In 1 John 2:3-9, he writes: “And hereby we do know that we know him, if we keep his commandments. He that saith, I know him, and keepeth not his commandments, is a liar, and the truth is not in him. But whoso keepeth his word, in him verily is the love of God perfected: hereby know we that we are in him. He that saith he abideth in him ought himself also so to walk, even as he walked. Brethren, I write no new commandment unto you, but an old commandment which ye had from the beginning. The old commandment is the word which ye have heard from the beginning. Again, a new commandment I write unto you, which thing is true in him and in you: because the darkness is past, and the true light now shineth. He that saith he is in the light, and hateth his brother, is in darkness even until now.” (Emphasis added.)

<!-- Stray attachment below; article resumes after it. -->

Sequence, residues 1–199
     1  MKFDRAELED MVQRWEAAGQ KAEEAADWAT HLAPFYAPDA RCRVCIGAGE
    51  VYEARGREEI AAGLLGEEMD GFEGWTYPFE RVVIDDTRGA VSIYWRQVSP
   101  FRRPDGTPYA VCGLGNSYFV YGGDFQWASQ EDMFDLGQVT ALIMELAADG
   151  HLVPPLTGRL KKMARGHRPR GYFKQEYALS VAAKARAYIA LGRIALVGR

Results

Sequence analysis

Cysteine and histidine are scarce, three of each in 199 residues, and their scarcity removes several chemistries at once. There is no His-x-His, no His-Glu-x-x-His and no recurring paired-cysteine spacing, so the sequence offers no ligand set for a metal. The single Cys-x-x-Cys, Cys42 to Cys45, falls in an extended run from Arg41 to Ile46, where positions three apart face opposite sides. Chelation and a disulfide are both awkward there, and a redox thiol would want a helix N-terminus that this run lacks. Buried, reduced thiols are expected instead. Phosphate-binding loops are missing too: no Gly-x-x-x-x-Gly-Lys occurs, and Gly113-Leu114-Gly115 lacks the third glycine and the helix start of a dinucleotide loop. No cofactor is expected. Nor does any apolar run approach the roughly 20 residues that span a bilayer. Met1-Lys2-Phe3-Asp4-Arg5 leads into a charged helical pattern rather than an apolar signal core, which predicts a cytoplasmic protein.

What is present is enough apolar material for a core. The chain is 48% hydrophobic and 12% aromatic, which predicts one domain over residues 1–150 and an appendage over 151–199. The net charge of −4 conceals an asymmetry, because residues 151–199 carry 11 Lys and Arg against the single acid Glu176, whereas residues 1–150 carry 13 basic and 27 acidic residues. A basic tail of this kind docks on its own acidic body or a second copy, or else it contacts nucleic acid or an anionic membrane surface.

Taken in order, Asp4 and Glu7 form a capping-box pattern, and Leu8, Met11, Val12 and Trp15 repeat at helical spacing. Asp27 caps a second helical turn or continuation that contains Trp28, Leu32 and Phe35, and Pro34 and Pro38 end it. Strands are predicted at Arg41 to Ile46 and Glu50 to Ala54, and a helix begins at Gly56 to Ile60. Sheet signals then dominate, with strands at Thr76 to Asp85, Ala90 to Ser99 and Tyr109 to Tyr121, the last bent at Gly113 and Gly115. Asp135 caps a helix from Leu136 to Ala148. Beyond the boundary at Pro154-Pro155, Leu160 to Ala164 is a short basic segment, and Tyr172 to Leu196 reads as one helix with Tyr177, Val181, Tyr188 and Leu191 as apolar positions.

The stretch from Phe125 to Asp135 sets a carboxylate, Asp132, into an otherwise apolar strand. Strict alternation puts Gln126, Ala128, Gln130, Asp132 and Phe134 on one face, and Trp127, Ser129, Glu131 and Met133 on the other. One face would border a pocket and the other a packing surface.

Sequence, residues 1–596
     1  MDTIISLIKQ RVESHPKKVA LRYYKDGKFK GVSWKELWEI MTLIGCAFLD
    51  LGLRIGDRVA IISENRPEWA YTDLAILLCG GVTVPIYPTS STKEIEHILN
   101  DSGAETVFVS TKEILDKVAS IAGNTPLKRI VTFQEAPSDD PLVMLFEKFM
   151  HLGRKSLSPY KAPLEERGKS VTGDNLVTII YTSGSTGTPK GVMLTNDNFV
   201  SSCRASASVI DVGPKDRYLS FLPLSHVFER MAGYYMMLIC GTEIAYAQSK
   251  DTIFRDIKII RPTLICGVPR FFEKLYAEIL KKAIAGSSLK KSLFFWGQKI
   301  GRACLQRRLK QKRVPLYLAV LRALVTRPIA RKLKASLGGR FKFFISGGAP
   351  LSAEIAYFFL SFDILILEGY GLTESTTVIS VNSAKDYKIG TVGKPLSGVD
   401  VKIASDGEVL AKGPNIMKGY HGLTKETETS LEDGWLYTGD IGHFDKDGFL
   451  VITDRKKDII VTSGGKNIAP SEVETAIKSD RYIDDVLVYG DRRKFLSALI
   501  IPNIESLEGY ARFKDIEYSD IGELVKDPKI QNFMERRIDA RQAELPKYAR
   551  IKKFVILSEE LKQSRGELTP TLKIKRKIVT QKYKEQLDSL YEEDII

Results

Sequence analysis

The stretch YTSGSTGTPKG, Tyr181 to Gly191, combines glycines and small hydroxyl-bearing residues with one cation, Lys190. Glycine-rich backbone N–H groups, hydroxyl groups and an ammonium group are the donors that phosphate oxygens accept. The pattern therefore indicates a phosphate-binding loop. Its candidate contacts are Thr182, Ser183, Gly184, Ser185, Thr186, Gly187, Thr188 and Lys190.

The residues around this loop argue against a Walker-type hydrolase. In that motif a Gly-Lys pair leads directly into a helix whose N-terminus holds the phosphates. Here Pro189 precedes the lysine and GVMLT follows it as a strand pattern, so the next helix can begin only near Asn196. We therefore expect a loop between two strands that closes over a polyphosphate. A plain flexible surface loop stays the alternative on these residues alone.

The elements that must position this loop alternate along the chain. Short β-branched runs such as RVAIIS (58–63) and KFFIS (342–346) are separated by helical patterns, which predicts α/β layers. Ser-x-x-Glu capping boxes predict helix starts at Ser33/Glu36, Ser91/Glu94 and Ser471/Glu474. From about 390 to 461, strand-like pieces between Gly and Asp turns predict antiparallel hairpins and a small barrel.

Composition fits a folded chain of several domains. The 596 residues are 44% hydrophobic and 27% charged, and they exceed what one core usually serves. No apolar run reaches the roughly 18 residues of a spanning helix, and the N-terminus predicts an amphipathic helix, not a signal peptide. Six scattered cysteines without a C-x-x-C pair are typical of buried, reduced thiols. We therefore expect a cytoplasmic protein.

Rediscover the Kingdom of God, a key forgotten element of the gospel, in Joseph Farah’s “The Restitution of All Things: Israel, Christians and the End of the Age.”

This is certainly strong evidence that the Apostle John had not discarded the law. A sober, fresh and clear-minded reading of the book of Acts and other New Testament writings will bring you to the same conclusion – especially if you start with this premise: There is no contradiction in Holy Scripture – not between the New Testament and the Old. It’s Holy Writ. It’s all God’s Word.

We cheapen the Word of God when we accept there is a contradiction. We discard all we know and believe about the character and nature of God when we suggest His perfect standards were ever too high.

After all, weren’t some figures in the Bible called “perfect in their ways,” meaning they followed the law to the best of their ability and when they fell short repented of their sin as God had instructed, including Noah (Genesis 6:9), David (1 Kings: 15:3), Asa (1 Kings:15:14), Job (Job 1:1), Zechariah and Elisabeth (Luke 1:5-6)? Wasn’t there a “perfect” standard for all the prophets?